2

I want to write a sentence wherein the context is that there is a group 'T' which has fields T1, T2, … Tn. Should I write fields corresponding to 'T' or fields associated with 'T'?

What exactly is the difference between the two? Any help will be highly appreciated.

  • Did you try dictionaries? – SovereignSun Dec 12 '16 at 6:43
2

In the context of a scientific paper, I would read 'associated with' as meaning 'related to in some way'. 'Corresponding to' on the other hand is more strictly defined - it implies a one-to-one relationship. x and y values on a graph would be a good example - for every value of x, there is a corresponding value y.

In your example:

group 'T' which has fields T1, T2, … Tn.

Neither seems to be the case. I would suggest something along the lines of:

...group 'T' which is comprised of fields T1, T2, … Tn.

...group 'T' which is composed of fields T1, T2, … Tn.

...group 'T' which ranges from T1, T2, … Tn.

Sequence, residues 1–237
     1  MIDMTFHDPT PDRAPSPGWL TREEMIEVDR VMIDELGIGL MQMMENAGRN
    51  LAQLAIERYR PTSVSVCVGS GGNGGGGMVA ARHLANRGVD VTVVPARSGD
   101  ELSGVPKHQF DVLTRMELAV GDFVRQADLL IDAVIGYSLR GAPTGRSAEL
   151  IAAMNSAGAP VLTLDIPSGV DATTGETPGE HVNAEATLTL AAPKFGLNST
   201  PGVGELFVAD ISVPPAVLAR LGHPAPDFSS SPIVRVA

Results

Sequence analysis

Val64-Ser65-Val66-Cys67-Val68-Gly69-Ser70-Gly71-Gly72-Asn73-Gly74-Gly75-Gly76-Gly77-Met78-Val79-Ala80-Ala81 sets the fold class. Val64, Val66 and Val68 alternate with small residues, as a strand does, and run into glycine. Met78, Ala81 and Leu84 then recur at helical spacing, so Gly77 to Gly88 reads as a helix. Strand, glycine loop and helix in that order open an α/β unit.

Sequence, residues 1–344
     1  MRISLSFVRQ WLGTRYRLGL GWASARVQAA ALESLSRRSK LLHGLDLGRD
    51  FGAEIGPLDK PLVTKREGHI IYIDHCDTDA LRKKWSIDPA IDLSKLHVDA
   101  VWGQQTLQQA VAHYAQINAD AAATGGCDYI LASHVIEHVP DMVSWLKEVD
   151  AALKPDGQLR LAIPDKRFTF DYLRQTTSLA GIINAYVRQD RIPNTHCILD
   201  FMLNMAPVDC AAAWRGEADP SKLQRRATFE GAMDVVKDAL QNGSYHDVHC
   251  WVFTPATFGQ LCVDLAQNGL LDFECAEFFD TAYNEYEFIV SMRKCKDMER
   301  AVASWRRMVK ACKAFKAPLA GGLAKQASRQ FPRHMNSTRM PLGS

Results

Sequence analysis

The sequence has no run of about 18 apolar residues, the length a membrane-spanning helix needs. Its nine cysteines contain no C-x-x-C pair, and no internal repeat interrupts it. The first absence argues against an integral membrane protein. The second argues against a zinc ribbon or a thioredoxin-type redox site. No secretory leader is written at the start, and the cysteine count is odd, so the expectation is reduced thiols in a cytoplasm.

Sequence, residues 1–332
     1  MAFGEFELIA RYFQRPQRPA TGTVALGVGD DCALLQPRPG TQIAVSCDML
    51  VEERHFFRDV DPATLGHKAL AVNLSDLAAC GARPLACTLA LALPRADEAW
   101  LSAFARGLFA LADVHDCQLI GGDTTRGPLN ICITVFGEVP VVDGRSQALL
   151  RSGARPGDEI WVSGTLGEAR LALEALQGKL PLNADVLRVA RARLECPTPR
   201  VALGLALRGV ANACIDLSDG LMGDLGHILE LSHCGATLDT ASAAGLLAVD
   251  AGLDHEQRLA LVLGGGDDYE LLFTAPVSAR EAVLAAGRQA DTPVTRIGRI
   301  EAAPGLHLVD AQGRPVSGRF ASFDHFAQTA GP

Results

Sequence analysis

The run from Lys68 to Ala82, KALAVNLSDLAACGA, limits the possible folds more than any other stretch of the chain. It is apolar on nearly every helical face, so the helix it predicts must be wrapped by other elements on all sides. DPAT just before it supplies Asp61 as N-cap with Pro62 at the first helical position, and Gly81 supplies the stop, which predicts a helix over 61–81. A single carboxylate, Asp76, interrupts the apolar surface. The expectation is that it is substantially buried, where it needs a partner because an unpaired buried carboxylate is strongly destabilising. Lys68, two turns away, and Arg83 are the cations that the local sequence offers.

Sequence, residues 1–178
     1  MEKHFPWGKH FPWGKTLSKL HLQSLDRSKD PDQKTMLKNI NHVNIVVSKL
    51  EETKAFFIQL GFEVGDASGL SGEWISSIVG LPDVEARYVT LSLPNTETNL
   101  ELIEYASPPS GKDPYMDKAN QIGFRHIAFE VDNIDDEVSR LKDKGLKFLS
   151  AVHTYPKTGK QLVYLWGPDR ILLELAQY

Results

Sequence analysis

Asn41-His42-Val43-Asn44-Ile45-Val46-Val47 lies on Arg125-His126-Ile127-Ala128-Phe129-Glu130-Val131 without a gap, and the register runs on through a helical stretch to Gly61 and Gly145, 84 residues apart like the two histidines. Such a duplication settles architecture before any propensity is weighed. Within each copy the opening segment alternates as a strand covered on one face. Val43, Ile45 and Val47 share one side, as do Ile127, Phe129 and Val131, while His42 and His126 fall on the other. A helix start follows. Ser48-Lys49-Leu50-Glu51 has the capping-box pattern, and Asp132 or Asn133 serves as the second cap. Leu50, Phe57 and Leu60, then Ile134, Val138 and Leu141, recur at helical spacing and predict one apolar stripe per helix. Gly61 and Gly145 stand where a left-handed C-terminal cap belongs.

• The fields are related to 'T'. So, can't I write fields associated with group 'T'? – Ayush Dec 12 '16 at 6:55
  • I can't find anything definitive on this, but T1,T2,...Tn aren't just related to group T. They are the building blocks that literally make up group T. X 'is comprised of' Y explicitly means that X is composed or made up of Y. – mike Dec 12 '16 at 7:09
1

I would write:

The fields comprising group 'T'...

See comprise:

  1. to include; contain

Your Answer

By clicking “Post Your Answer”, you agree to our terms of service, privacy policy and cookie policy

Not the answer you're looking for? Browse other questions tagged or ask your own question.